• The state can regulate the educational content of private religious schools to ensure a minimum curriculum and the state can regulate parental conduct to make sure that parents do not endanger their children.
  • The state cannot regulate what—above the minimum—is taught in private schools.
  • Parents do not have to send their children to any school at all if they religiously object to the compulsory school system.

The practical tension is clear: States can force schools to adhere to its standards, but they cannot force children to go to school. This tension could grow if states consider using the power to set minimums to require private schools to provide (for example) sex education as well.

Consider our Brooklyn Hasidim in a Jewish school without “enough” secular studies as a typical case. In a legal face-off, New York State will prevail in forcing these schools to adhere to the standards set by the state or be closed down. All the aid that the state provides the children (school heating assistance, lunch for poor children, textbooks and much more) will be lost if that result happens. The parents, however, can prevail by choosing not to send their kids to any recognized school at all. The parents will then educate their children on their farm (or whatever is the Hasidic version of a Amish farm) in Brooklyn.

The state will win by closing the schools and the parents will win by refusing to send their children to any school.

If we are not careful, we could have an absurd standoff: neither the parents nor the state can alone provide the children with the education they deserve. But the children will become the losers in a confrontation, as they will get even less education and assistance if the state and parents both exercise their maximum rights.

So what is the solution here? It is not legal: law gives everyone just enough rights to hurt the poor children, but not enough rights to actually help the children. In cases where religious parents want less education than the state mandates—or even simply refuse to teach that which conflicts with their religious faith that the state labels a minimum—a compromise is needed.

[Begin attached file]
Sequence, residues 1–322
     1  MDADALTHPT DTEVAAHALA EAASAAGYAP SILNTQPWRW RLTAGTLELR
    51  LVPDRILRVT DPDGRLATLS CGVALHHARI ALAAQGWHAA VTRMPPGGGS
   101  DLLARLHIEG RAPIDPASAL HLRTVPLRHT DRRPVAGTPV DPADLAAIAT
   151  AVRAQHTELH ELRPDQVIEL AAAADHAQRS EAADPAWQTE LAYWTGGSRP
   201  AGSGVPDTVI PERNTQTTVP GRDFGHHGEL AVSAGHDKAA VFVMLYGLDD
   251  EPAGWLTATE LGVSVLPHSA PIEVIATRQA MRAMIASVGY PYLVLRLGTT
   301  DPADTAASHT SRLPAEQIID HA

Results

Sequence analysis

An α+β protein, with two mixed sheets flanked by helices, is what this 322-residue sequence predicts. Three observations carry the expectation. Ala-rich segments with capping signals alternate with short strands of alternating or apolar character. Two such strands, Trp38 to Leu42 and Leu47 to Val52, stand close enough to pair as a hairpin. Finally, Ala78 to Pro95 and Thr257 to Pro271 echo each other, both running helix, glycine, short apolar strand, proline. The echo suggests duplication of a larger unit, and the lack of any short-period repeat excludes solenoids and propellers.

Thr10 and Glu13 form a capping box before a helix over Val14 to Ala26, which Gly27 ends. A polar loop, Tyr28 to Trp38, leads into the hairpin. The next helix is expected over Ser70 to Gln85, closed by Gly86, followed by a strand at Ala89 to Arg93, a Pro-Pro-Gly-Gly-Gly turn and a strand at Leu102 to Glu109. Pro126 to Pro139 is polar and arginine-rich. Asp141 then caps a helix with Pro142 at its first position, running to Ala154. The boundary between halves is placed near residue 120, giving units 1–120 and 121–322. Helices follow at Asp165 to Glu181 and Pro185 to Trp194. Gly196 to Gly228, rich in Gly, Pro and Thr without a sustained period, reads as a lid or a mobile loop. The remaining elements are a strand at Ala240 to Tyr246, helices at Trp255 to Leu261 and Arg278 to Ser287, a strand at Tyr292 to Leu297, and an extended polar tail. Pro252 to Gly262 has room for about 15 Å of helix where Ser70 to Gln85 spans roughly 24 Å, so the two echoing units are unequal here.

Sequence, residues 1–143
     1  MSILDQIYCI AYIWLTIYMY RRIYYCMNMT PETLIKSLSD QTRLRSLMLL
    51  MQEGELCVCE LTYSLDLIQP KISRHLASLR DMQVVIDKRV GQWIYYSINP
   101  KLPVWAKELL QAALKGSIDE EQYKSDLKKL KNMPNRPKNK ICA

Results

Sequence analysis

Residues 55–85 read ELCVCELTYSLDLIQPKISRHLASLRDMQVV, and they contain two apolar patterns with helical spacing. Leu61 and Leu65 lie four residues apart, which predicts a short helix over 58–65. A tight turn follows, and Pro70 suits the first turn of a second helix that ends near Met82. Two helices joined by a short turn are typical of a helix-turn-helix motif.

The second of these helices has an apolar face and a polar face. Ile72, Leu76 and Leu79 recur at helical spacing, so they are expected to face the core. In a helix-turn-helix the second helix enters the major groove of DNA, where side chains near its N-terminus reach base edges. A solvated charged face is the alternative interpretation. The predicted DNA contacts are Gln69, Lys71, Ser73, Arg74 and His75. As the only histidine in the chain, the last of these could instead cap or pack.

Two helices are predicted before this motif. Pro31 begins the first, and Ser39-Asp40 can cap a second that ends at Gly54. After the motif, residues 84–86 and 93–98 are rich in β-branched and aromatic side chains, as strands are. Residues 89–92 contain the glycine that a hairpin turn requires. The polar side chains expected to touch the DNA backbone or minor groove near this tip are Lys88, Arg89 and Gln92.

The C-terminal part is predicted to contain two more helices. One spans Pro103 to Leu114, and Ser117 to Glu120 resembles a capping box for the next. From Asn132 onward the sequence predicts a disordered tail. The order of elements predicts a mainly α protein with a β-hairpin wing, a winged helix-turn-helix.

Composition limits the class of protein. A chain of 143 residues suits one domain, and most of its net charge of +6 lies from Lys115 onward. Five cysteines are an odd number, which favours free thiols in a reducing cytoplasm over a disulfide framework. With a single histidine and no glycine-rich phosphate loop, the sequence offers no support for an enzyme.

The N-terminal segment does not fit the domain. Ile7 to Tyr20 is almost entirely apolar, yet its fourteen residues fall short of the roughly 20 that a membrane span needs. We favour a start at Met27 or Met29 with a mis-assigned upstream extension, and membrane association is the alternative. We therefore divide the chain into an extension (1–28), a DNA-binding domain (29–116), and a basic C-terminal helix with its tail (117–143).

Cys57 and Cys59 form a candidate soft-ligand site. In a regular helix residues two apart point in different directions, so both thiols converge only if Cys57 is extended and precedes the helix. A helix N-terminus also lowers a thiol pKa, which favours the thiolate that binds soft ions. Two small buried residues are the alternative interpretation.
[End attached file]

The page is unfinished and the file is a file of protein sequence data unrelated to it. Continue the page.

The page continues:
The adults need to negotiate for the benefit of children. The state needs to provide heightened financial inducements and assistance to these schools to raise their standards of secular education.  Parents need to realize that they cannot get state aid if they do not meet the state’s educational requirement.  A compromise can be reached that provides incrementally better education over time, but only if everyone does not invoke their maximal legal rights.

Closing private religious schools should be done only as a last resort when the schools truly endanger children.

In this area of law—like many others—good faith negotiation can produce a world that is better for children, if people really care about the children.

We need to care about children more than we do about abstract rights.

Michael J. Broyde is a law professor at Emory University School of Law where he teaches Family Law.  This year he is a senior Fulbright scholar at Hebrew University in Israel.